Palatal tori are benign growths that occur on the palate or roof of your mouth. A torus, or bony protrusion, can occur at any time starting in adolescence, but as Science Direct (SD) reports more cases are found in older patients (or those over 18). Of course, feeling an enlarged growth can be worrisome at first. However, these bony growths are common; at least 20 percent of people in the U.S. have them, and they are not a cause for concern, assures the Cleveland Clinic. While these slow-growing areas of bone are not harmful per se, your dentist might move forward with treatment if it interferes with your oral health, hygiene, sleep or for medical reasons. Get the facts on what treatment options are available and what to know before you move forward.
Causes of Palatal Tori
Tori, also called "exostosis," are growths of bone or cartilage and can appear anywhere in the top or bottom of your mouth, typically near the molar regions. A torus on the palate can range in shape or size and is typically located in the middle of your mouth, states the Journal of Clinical and Diagnostic Research. Presently, research in SD shows that the cause of these growths may be genetic and that women tend to have them more than men. Likewise, tori on the palate, as opposed to on the mandible, is more prominent in certain regions, namely Germany, Norway, Croatia, Thailand and Malaysia.
If you have a vitamin deficiency, eat a lot of fish, or enjoy foods high in calcium, you may be more prone to developing one of these growths. Cultures that eat a lot of frozen or raw meat have higher incidences, reports CCJM. If you have a habit of grinding your teeth, you may also be at risk of developing a torus. So, it's always a good idea to talk to your dentist about ways to curb this habit, such as using night guards or practicing relaxation techniques.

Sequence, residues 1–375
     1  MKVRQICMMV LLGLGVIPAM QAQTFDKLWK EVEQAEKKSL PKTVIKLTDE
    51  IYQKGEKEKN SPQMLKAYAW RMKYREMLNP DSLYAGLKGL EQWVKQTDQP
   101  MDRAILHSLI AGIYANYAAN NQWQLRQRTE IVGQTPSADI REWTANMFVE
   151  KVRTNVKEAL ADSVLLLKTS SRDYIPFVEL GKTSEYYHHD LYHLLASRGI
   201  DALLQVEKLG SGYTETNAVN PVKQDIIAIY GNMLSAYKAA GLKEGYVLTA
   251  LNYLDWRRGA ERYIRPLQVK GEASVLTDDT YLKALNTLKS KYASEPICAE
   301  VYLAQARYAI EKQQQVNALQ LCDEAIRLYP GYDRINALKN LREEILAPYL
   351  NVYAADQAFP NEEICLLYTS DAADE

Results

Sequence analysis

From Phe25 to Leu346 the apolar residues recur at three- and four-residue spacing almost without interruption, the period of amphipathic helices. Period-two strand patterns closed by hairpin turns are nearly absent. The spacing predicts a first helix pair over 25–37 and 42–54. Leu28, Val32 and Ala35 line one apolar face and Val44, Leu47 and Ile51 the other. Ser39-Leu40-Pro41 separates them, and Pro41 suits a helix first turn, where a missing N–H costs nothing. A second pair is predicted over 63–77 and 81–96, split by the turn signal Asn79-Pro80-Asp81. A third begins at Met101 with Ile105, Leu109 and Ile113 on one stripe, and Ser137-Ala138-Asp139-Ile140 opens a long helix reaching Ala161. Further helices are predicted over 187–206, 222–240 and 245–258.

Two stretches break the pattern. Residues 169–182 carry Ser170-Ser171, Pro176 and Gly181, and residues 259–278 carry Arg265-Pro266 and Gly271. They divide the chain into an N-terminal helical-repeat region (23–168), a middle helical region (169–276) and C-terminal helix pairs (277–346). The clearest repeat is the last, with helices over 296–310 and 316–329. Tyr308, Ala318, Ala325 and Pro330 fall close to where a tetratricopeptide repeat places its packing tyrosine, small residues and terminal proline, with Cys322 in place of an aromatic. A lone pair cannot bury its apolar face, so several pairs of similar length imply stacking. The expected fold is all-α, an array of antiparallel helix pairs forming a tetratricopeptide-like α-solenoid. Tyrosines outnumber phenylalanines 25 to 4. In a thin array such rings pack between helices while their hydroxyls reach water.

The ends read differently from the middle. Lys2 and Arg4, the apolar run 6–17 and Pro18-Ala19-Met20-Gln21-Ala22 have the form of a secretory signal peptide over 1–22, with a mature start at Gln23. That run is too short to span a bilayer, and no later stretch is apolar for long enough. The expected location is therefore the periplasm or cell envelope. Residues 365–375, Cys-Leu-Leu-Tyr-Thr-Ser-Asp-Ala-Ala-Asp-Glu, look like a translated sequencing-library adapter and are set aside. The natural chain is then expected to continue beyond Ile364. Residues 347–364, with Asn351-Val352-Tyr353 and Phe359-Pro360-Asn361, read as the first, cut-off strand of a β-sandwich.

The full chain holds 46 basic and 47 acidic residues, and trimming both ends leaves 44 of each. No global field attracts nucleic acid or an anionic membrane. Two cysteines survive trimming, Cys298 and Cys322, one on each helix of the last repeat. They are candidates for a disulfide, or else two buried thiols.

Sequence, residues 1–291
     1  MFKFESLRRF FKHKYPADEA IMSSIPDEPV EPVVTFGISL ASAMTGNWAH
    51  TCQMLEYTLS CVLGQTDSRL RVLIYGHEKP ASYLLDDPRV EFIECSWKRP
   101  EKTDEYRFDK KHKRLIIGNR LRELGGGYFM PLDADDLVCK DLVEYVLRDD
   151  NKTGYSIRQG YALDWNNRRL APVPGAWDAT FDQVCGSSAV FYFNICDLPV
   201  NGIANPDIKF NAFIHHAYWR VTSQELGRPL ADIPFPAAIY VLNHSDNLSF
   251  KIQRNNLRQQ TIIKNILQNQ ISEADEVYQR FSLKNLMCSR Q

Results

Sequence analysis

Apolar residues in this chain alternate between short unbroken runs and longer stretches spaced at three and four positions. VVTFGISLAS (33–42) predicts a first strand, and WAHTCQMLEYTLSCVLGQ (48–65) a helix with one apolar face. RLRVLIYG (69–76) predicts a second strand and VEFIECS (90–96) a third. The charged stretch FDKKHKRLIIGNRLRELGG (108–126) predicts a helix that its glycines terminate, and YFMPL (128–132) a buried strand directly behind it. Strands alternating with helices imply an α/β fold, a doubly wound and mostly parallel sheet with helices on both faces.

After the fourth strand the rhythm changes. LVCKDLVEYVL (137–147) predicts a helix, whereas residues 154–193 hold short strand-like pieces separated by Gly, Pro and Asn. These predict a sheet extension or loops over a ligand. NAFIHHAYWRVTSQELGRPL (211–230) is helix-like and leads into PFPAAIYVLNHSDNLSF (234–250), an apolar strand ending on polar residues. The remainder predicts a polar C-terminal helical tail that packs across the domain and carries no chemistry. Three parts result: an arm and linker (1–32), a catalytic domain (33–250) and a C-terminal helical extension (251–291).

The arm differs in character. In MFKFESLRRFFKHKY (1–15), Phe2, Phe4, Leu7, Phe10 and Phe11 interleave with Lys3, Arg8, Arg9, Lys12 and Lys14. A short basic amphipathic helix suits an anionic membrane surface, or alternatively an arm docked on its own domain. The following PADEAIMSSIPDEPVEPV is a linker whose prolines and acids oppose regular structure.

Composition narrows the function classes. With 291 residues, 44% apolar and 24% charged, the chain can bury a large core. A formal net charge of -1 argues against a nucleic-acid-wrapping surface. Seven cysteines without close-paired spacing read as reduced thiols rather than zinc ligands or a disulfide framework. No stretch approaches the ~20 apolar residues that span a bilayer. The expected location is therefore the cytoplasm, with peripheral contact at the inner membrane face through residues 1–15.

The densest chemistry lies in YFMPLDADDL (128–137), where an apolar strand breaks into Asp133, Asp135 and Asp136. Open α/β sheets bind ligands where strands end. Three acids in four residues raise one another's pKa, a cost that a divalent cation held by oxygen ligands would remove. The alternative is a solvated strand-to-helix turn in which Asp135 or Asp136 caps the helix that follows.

When to Seek Treatment for Palatal Tori
You should never ignore a bump or cyst that appears in your mouth. Showing up to your regular checkups is important. Schedule an appointment with your dentist if you notice a lump. Your dentist may take a biopsy to diagnose the growth. In most cases, if the palatal torus (or tori) are not causing you discomfort and are not interfering with your health, your dentist will simply keep an eye on the growth(s) and no further treatment will be necessary.
However, depending on the size of the torus and location, you may experience problems breathing, soreness after eating or trouble speaking. Additionally, your dentist might advise removing the growth if it's interfering with dental appliances, such as dentures, or with your oral hygiene.
What to Ask Before Treatment
Considering the location in your mouth and the tenderness of the area, you might be fearful of the treatment and recovery process. Your dentist will refer you to an oral surgeon to schedule an appointment for an oral examination and discuss treatment options. Laser treatment may be a less invasive route, requiring local anesthesia, over-the-counter pain medicine and stitches – which are typically removed within a week.
Before undergoing treatment, you may want to discuss the following topics with your oral surgeon: insurance coverage, concerns you might have about anesthesia, what level of discomfort or pain to expect after the treatment, healing duration and post-operative care requirements. Your oral surgeon will likely advise that you stay away from foods that could disrupt the sutures or irritate the area. A dressing may be placed over the surgical area to protect it while it's healing. For the first few days following any minor mouth surgery, the Canadian Dental Association (CDA) recommends avoiding alcohol, hot liquids and hard foods. Keep up with your oral hygiene post treatment. Brush daily with a soft-bristled brush like Colgate's 360 Enamel Health for Sensitive Teeth toothbrush, which has 48 percent softer bristles. By following your oral surgeon's aftercare plan, you can expect to heal in one to two weeks.